France: Sri Lanka made history once again, with the signing of the United Nations World Tourism Organisation’s Global Code of Ethics for Tourism (GCET) by premier hospitality brand Jetwing. The ceremony took place in Paris and Jetwing is the first company in Sri Lanka to sign the Code of Ethics.
Adopted in 1999 by the General Assembly of the World Tourism Organisations as a fundamental frame of reference for responsible and sustainable tourism, the Global Code of Ethics for Tourism (GCET) is a comprehensive set of principles designed to guide key-players in tourism development.
With the intention of reaching governments, the travel industry, communities and tourists alike, the Code aims to help maximise the sector’s benefits while minimising its potentially negative impact on the environment, cultural heritage and societies across the globe.The Code’s 10 principles amply cover the economic, social, cultural and environmental components of travel and tourism; including tourism’s contribution to mutual understanding and respect between peoples and societies, a vehicle for individual and collective fulfilment, obligations of stakeholders in tourism development, and rights of workers and entrepreneurs in the tourism industry amongst others.
Signing on behalf of Jetwing was Jetwing Chairman Hiran Cooray, in the presence of UNWTO Secretary General Taleb Rifai, and World Committee on Tourism Ethics (WCTE) Chairman Pascal Lamy. Hiran Cooray is also the first South Asian representative to be appointed as an alternate member to the WCTE, a position approved by the 20th UNWTO General Assembly in 2013.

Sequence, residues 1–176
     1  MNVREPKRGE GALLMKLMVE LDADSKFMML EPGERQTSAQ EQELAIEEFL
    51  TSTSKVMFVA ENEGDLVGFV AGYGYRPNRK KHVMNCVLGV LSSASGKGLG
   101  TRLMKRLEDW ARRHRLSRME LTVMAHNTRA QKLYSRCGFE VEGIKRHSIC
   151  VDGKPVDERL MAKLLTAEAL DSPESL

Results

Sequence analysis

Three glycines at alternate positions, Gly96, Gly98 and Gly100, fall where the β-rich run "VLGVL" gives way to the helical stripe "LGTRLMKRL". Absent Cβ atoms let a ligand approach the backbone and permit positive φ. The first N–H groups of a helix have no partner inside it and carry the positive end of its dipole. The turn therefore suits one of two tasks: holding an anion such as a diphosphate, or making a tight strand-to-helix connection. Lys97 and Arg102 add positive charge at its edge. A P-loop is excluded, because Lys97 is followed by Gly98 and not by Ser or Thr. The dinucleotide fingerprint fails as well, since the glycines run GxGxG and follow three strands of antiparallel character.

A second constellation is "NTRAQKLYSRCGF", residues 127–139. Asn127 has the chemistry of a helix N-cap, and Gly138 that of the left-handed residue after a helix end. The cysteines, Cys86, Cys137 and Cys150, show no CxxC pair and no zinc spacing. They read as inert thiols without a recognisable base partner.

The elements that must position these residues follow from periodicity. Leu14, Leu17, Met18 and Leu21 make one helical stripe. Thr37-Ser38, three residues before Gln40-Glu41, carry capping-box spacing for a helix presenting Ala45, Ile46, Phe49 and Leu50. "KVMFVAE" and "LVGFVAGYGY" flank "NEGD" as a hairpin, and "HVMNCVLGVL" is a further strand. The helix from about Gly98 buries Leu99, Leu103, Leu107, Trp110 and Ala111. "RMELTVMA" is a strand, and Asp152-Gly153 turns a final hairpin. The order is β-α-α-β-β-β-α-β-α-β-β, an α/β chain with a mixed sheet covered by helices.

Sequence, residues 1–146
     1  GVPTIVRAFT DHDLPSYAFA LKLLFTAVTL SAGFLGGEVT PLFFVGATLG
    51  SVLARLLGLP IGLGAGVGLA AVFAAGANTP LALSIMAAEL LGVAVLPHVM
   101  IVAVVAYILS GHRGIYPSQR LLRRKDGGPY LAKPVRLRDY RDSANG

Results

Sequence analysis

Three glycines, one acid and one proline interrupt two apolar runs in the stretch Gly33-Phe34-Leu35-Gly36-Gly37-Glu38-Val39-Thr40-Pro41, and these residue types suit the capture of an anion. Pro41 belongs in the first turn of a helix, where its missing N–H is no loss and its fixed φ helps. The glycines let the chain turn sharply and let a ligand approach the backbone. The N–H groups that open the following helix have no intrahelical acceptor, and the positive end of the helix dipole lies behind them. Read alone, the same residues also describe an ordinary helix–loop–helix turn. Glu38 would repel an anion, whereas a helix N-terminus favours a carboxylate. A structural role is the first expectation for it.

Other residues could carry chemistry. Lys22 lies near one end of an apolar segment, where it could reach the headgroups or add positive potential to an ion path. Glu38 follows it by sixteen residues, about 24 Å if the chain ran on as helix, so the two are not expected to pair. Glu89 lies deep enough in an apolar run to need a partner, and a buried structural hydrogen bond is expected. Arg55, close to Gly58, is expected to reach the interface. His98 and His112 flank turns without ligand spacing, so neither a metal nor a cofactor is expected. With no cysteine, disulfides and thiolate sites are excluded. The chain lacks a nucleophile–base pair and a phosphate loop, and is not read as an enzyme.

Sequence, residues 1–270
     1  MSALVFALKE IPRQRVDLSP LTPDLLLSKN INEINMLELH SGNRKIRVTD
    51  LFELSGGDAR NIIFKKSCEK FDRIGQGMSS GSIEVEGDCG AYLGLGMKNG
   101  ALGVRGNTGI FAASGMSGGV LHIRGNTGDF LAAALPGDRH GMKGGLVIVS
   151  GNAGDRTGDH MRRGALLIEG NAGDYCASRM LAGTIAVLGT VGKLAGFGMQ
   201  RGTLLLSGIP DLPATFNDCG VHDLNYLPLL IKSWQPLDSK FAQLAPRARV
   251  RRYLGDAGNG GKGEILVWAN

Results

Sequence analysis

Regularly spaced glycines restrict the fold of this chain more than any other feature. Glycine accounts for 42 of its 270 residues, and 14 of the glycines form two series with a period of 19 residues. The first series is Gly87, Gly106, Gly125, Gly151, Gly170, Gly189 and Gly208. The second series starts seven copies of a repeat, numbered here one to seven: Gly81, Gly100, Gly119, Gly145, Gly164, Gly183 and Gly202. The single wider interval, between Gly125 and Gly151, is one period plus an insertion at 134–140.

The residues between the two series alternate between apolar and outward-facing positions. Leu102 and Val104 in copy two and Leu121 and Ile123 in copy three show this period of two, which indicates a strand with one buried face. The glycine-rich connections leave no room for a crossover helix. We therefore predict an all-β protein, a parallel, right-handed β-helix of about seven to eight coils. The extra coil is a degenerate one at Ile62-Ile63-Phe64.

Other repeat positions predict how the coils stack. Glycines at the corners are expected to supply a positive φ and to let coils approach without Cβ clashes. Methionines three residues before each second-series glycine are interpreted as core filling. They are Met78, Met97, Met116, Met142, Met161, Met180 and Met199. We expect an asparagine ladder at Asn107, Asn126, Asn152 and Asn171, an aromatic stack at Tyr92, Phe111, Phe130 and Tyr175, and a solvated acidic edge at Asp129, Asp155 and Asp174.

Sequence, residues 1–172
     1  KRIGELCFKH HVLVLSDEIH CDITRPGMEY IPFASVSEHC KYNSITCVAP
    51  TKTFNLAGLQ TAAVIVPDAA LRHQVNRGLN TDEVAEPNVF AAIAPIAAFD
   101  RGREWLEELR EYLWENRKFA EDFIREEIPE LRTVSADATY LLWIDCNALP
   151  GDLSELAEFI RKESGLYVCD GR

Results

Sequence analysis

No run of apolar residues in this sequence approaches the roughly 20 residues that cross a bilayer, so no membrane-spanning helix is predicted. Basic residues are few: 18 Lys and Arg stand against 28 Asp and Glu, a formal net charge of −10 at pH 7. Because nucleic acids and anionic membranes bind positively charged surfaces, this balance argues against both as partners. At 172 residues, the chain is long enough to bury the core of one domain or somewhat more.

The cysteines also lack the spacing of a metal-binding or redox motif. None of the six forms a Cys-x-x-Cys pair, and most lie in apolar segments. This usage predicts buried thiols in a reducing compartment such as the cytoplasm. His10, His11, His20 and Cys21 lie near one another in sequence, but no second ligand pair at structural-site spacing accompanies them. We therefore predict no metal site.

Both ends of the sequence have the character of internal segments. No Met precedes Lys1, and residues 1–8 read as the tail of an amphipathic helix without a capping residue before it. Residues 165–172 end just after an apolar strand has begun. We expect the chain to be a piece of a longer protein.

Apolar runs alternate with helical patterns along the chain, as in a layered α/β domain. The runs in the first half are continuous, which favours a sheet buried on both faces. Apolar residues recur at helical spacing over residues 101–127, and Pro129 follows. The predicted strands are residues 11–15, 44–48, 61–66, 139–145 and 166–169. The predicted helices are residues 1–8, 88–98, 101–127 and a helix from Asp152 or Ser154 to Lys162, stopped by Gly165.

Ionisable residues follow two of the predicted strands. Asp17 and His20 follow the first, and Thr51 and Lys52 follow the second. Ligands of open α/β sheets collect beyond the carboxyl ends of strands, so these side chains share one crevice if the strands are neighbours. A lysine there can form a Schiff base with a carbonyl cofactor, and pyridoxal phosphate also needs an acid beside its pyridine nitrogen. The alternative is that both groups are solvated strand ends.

“Jetwing is a family that has been deeply ingrained in the inception and development of the tourism industry in Sri Lanka, ever since my father began this journey over 40 years ago. We have learnt much from the world around us whilst we were struggling during the war, and today we are on a level playing field - where we go from here rests solely on our shoulders,” said Hiran Cooray.
“Being a signatory of the UNWTO Global Code of Ethics now brings us a clear and comprehensive framework, with which I am confident we will see both Jetwing and Sri Lanka rise to new heights internationally,” he continued.
“We at UNWTO very much welcome Jetwing Hotels’ pioneering in signing the Private Sector Commitment to the Global Code of Ethics and fully committing to advancing responsible, sustainable and inclusive tourism in Sri Lanka and beyond. The private sector plays a key role in creating a more ethical tourism sector and I hope more companies in Sri Lanka will follow Jetwing Hotels’ example and leadership,” said UNWTO Secretary General Taleb Rifai.
Jetwing Hotels is family owned and in the tourism industry for the past 43 years.